Good manners and Sales

Denver-Based Sales Leadership Development Available Nationwide

Posted: July 3, 2008

When I was a kid, there was a strict rule at our house for writing thank you notes upon receipt of a gift or act of kindness. In our high tech world, an 'ole fashion thank you note still goes a long way in building and keeping relationships. Here are just a few deserving people. Vendors:
My background is distribution and manufacturing so I know the value of good suppliers. Our business was only as good as our supplier's business. Instead of beating your vendors up for a lower price, sit down and write a note of thanks for their continued good service.

Referral Partners:
Good referral partners are gold and should be treated as such. Don't just send a thank you note when receiving a referral; send a thank you note in between referrals to let your partners know you value the relationship.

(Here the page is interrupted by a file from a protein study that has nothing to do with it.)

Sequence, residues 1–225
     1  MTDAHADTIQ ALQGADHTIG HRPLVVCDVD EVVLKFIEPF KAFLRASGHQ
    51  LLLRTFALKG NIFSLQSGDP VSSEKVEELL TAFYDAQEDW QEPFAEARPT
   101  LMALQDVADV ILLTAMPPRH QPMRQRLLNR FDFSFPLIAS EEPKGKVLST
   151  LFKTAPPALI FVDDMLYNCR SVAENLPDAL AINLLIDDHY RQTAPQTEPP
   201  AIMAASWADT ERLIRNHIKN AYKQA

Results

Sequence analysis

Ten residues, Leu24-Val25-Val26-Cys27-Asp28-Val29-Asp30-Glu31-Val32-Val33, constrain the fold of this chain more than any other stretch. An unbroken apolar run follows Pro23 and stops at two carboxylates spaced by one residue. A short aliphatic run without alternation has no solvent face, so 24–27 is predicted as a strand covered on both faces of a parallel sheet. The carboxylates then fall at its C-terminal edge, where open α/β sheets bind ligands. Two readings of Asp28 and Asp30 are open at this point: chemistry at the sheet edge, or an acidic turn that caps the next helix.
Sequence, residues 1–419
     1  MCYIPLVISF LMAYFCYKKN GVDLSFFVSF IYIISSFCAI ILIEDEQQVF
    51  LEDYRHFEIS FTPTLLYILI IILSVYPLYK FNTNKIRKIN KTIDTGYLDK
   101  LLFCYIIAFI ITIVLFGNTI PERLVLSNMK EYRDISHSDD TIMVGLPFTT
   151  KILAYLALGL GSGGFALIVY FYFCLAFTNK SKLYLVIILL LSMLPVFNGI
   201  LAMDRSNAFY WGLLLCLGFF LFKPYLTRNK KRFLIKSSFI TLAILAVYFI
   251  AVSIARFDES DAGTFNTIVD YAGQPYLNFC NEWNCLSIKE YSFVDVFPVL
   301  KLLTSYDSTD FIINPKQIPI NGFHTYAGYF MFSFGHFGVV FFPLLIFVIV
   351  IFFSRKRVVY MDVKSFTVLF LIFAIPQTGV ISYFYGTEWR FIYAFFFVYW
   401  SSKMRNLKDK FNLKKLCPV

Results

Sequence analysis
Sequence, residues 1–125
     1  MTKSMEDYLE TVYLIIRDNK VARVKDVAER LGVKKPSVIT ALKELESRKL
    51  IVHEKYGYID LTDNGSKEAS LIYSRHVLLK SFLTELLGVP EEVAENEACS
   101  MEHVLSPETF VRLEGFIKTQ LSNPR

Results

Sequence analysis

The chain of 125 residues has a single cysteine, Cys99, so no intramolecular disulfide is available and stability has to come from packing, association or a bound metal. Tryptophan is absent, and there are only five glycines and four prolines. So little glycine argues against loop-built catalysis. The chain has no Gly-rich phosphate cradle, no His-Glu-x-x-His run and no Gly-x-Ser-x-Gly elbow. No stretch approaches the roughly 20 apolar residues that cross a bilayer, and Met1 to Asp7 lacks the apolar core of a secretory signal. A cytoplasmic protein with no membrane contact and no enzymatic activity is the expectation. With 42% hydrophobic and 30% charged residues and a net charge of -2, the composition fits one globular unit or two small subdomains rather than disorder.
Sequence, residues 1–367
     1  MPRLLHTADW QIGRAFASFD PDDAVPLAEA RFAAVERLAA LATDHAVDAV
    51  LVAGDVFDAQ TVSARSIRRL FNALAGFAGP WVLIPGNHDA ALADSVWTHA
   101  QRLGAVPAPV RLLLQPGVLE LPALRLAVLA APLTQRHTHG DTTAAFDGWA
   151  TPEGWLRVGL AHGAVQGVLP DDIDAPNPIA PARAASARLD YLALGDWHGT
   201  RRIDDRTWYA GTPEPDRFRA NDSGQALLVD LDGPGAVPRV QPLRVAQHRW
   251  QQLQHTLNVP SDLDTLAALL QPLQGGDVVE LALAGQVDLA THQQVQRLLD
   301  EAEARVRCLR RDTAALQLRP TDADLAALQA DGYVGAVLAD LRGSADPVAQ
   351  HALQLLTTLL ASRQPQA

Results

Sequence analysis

Sales Managers and Owners:
"It's lonely at the top." Don't forget to thank the leaders of your company for taking risks and making tough decisions. It's not easy to do what's right, make change, stay profitable and keep everyone at the company happy.

Clients:
Studies show that salespeople lose more business because clients feel unappreciated than due to price. When is the last time you set a meeting with a client just to tell them you appreciate their business?

Sales Team:
Too often, the only time a salesperson receives a pat on the back is after closing a deal. A complex sale can take 9 - 18 months to close. That's a long time for a salesperson to go without receiving a note of thanks or pat on the back. Make sure you thank your sales team for things other than closed deals; good attitude, helping others and working hard everyday.

Make one more stop on the way home tonight to pick-up thank you notes. It's a very inexpensive way to build relationships and business.

Good selling,

Colleen Stanley
Chief Selling Officer